And so, after a full 16 hours of storytelling, it falls to Stop the Clock to provide a satisfying pay-off to the Doom Coalition saga. Does it succeed? Pretty much. For a real-time race against the clock, it’s surprisingly sluggish out of the blocks, and the plotting feels a bit overstuffed at times, with so many bluffs and counter-bluffs of the “I’d kill you now, except…” nature it’s on the verge of becoming ridiculous. There’s also a scene in which the Eleven taunts his armed captor – shades of Hannibal Lecter and Clarice Starling, not to mention Missy and Osgood – that manages to be both deeply silly and utterly chilling at the same time.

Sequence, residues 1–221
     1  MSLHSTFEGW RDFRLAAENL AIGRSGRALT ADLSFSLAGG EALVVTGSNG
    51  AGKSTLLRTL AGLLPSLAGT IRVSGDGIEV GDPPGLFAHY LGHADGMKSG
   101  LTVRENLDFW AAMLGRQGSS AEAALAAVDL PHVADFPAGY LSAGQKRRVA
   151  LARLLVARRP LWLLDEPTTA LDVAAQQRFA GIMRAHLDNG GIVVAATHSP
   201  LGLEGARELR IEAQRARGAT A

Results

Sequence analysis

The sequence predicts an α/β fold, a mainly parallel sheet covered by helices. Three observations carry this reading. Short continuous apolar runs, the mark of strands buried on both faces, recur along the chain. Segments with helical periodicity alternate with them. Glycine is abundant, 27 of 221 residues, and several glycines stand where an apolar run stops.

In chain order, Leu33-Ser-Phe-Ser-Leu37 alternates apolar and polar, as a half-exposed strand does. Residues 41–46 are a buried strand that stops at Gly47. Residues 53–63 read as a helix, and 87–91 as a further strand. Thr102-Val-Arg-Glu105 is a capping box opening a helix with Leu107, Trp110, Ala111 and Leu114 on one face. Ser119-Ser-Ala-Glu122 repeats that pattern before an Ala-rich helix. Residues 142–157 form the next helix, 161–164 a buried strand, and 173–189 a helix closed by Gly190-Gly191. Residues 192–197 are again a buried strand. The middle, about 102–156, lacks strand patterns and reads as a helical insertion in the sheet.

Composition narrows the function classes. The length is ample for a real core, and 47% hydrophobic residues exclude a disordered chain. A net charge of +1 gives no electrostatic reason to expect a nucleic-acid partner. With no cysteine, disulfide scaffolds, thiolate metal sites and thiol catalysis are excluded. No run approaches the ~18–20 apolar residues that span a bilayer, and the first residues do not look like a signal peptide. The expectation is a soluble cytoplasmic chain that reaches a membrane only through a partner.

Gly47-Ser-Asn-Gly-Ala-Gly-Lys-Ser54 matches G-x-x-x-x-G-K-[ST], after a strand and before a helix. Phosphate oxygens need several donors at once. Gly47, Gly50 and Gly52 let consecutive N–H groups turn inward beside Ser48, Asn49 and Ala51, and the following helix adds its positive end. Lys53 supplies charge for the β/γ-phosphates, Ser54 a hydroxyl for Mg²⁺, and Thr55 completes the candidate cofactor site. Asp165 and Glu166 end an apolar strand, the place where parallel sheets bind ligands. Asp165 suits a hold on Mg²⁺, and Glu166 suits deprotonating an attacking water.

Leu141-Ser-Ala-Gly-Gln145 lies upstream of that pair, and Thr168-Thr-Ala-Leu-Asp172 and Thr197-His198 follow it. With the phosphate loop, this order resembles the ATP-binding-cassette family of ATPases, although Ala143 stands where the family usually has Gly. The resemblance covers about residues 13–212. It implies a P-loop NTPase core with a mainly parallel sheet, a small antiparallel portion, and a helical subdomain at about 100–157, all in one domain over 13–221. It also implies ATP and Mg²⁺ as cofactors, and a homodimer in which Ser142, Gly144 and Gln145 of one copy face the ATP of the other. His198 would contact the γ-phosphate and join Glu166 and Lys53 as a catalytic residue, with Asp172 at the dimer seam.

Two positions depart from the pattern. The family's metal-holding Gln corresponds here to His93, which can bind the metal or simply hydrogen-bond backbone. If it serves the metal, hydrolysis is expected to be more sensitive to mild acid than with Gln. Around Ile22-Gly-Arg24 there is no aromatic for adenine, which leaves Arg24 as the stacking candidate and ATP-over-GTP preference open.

Then, in the last half-hour, John Dorney’s story begins to build up a real head of steam, until there’s a genuine, electric sense of the listener being present at a critical moment in the history of the universe.
For all the apocalyptic, end-of-everything high stakes, though, Dorney once again keeps his focus small and sharp. Yes, he sets the scene for the Time War, which can’t help but feel huge, but even then he does it by rehearsing the very personal moral dilemma – Gallifrey or the universe? – the Doctor will face after his next regeneration. He also prefigures one of the great themes of 21st century Doctor Who – the potential of small, seemingly insignificant people to do great things – in scenes that satisfyingly recall both Donna’s elevation to the most important temp in the universe and Rose’s transformation into the Bad Wolf.